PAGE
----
Do you find yourself switching channels when infomercials come on? Are you shaking your head at the insanity of sealing a screen door to the bottom of a boat to prove the product’s leak-proof hold? Do you seriously doubt the knives will never need sharpening?
Well, pay attention next time. There are tons of great marketing role models hidden in the set-up of infomercials.
Infomercials are tested and tested again to make sure they work. Every single one is only on the air because it has proven it can create sales. Can you imagine how you’d feel if every time you ran a marketing campaign, people bought? That’s what happens with infomercials. Be envious.
Now it’s not the infomercial itself I want to talk to you about. It’s their practice of bundling multiple products together for one “special” price.
Bundling is a major part of the infomercial strategy, and one you can and should emulate.
The strategy of bundling isn’t limited to the infomercial industry. Speakers do it all the time. Car dealers clump a variety of features together into “luxury” packages. Costco wraps together two cans of tomato sauce that would feed all of Italy, offered for one low price.
While bundling is a great way to create the perception of outstanding value, there are do’s and don’ts you should follow as any old bundle doesn’t produce the desired results. Bundling incorrectly, as research shows, can actually decrease the perception of value and the prospective customer’s willingness to buy.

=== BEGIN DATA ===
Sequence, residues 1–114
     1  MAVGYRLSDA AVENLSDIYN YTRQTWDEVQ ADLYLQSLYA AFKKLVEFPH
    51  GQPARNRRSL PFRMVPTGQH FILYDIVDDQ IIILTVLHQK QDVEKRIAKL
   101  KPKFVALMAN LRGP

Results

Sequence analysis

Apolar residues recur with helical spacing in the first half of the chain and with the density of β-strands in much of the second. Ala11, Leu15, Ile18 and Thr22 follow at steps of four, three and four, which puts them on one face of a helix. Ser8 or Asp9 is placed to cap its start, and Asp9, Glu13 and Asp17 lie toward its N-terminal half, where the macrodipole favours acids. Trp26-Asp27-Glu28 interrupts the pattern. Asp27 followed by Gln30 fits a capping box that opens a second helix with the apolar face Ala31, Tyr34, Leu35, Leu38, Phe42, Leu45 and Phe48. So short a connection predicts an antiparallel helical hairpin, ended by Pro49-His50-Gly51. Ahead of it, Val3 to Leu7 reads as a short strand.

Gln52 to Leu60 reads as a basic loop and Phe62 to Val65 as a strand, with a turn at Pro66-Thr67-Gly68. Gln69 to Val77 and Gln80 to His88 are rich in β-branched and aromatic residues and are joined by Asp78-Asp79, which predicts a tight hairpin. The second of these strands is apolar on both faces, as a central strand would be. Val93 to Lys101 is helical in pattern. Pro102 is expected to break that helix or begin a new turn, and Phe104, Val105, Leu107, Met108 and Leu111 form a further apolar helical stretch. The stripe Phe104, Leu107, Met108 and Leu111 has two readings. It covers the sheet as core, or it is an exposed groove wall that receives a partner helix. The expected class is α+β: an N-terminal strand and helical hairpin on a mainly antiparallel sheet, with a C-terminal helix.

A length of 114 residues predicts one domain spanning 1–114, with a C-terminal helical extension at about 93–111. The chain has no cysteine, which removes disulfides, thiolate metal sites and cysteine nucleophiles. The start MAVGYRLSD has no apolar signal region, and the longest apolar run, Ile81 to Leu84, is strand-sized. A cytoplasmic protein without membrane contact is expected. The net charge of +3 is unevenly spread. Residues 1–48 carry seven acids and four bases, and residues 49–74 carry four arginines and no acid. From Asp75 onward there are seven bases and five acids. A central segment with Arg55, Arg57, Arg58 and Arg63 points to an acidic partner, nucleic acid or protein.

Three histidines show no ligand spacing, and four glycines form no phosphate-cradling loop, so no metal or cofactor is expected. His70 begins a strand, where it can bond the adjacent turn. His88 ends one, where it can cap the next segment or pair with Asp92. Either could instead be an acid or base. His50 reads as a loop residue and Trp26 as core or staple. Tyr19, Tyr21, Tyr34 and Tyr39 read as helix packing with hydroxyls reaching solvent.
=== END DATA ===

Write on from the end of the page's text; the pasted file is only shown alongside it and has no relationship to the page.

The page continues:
So let’s do it right:
Establish the value of each item and emphasize its value as we discuss above. Follow the points above to firmly establish the value of each and every item in the bundle.
Bundles can be your friend…if you do them right…or a silent deal killer if you do them wrong. Pay attention to those infomercials as they have spent millions on testing to make sure their product and pricing strategies are spot-on. You really can learn a lot from the crazy Slap Chop™ guy!
Go forth and do great things,
Martha Hanlon and Chris Williams